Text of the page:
November 29, 2006
The subsidiary industries of manga just keep expanding. This time it’s tourism, according to a piece in the Daily Yomiuri. Sure, Tokyo has its butler cafes and otaku ghettos, but Kyoto has history:
“The Kyoto municipal government and the university have played important roles in establishing the nation’s first comprehensive manga facility. The museum collects cartoons of historical value and other materials, cultivates people wishing to work in the animation industry and offers lifelong learning courses for local residents.”
In other news of cultural exchange, ICv2 picks up on part of the Times Clamp interview:
“As Clamp spokesperson Agetha Ohkawa put it, ‘It used to be difficult to find American comics in Japan, but they’ve become more accessible. As creators in Japan, we’re very curious about American work and are pretty sure we’re influencing each other.’”
Now I’m picturing Japanese children cluttering the floors of the local equivalent of Barnes & Noble, reading Identity Crisis, and putting it back on the shelf.
November 29, 2006
ComiPress offers a translation of an interview with Naoki Urasawa of Monster fame, focusing largely on the role of the editor in manga creation. It’s an interesting reminder of the strong role editors play and some of the associated problems:
“Although the relationship is like collaboration, ‘Manga artists don’t realize the importance of editors.’ Urasawa insisted. ‘If I build a good relationship with an editor who is in charge of me, the editor will be transferred away in the future. I have felt it odd that a companies’ convenience should affect the art of manga.’”
It’s an interesting companion piece to the recent interview with Clamp in the New York Times, since the group seems largely free of editorial influence aside from the group’s producer-director, Ageha Ohkawa.
And even legends like Moto Hagio have both bristled at and benefited from the influence of an editor, as demonstrated in this interview that ran in The Comics Journal. On Kodansha:
“During that time they gave me a new editor , but both editors followed company policy, which was not to let artists do whatever they want, but to have artists do something that fits the theme of whatever project they are currently doing.”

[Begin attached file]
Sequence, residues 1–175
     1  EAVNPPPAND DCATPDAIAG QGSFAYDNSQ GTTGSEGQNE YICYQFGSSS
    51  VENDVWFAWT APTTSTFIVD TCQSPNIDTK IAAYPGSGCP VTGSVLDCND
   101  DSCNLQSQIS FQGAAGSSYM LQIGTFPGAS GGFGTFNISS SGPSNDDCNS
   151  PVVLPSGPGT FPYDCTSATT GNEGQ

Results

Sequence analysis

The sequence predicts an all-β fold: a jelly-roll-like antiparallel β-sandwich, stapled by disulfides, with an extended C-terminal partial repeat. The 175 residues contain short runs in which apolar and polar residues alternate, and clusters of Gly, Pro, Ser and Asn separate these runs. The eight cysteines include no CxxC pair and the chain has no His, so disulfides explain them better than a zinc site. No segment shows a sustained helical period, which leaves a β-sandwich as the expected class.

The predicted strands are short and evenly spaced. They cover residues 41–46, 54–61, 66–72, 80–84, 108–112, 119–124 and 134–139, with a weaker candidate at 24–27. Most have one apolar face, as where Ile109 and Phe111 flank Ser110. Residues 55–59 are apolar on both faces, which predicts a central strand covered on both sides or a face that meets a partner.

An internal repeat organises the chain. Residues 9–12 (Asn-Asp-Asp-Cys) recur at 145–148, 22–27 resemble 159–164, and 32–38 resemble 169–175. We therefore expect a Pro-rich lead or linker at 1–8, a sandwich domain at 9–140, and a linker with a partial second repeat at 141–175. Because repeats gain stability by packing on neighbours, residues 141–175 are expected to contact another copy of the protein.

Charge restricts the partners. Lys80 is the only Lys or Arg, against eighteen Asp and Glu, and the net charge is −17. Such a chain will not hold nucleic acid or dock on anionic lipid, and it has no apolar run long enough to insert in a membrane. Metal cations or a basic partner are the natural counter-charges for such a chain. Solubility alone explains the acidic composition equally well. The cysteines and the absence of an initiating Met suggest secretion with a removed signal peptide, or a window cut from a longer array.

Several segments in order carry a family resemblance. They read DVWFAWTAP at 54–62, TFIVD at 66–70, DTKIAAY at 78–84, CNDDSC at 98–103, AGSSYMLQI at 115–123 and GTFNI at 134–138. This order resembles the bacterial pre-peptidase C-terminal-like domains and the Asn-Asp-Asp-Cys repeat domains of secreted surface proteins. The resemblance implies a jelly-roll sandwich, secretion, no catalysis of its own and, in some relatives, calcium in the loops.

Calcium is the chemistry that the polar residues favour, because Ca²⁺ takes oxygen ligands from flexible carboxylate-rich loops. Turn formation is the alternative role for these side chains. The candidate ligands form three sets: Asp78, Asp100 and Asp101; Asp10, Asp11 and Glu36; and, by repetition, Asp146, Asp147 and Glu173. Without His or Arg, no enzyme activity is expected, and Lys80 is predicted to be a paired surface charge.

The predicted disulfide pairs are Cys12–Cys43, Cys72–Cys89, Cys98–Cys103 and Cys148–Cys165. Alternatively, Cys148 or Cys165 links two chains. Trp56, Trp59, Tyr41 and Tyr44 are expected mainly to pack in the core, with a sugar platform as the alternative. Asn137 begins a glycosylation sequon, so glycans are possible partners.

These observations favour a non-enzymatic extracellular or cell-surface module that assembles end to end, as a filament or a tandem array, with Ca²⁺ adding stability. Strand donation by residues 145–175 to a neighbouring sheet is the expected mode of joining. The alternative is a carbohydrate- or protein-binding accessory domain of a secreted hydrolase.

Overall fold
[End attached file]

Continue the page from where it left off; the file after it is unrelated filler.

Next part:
Hagio had a happier relationship with Junya Yamaoto, who attained his own legendary status for his work with Hagio and the other members of the Year 24 Group of innovative shôjo manga-ka.
November 29, 2006
Once again, ComicList courteously offers regular and manga versions of the week’s offerings, which feature a focus on new printings of good books.
Evil Twin provides a second printing of Action Philosophers: Giant-Sized Thing #1. NBM rolls out a revised version of the soft-cover of A Treasury of Victorian Murder: The Borden Tragedy, promising “a whole new section of newspaper clippings of the day!” And while I’m not familiar with the book, having been deep in spandex country during its initial printing, people are sufficiently excited about the new collection of Ragmop from Big Bang to make it their pick of the week.
But there’s plenty of brand-new material too.
A new issue of Linda Medley’s Castle Waiting (#3, in this case, from Fantagraphics) is always welcome.
I’ll throw in my lot with MangaCast’s Jarred on the manga front, singling out volume three of Fuyumi Soryo’s ES: Eternal Sabbath (Del Rey) as the pick of the week. It’s intriguing, character-driven science fiction.
Antique Bakery (DMP) has left me incapable of ignoring anything by Fumi Yoshinaga, even if I wasn’t crazy about some of the story elements of the first volume of Gerard & Jacques. But it’s Yoshinaga, so volume two is on the shopping list.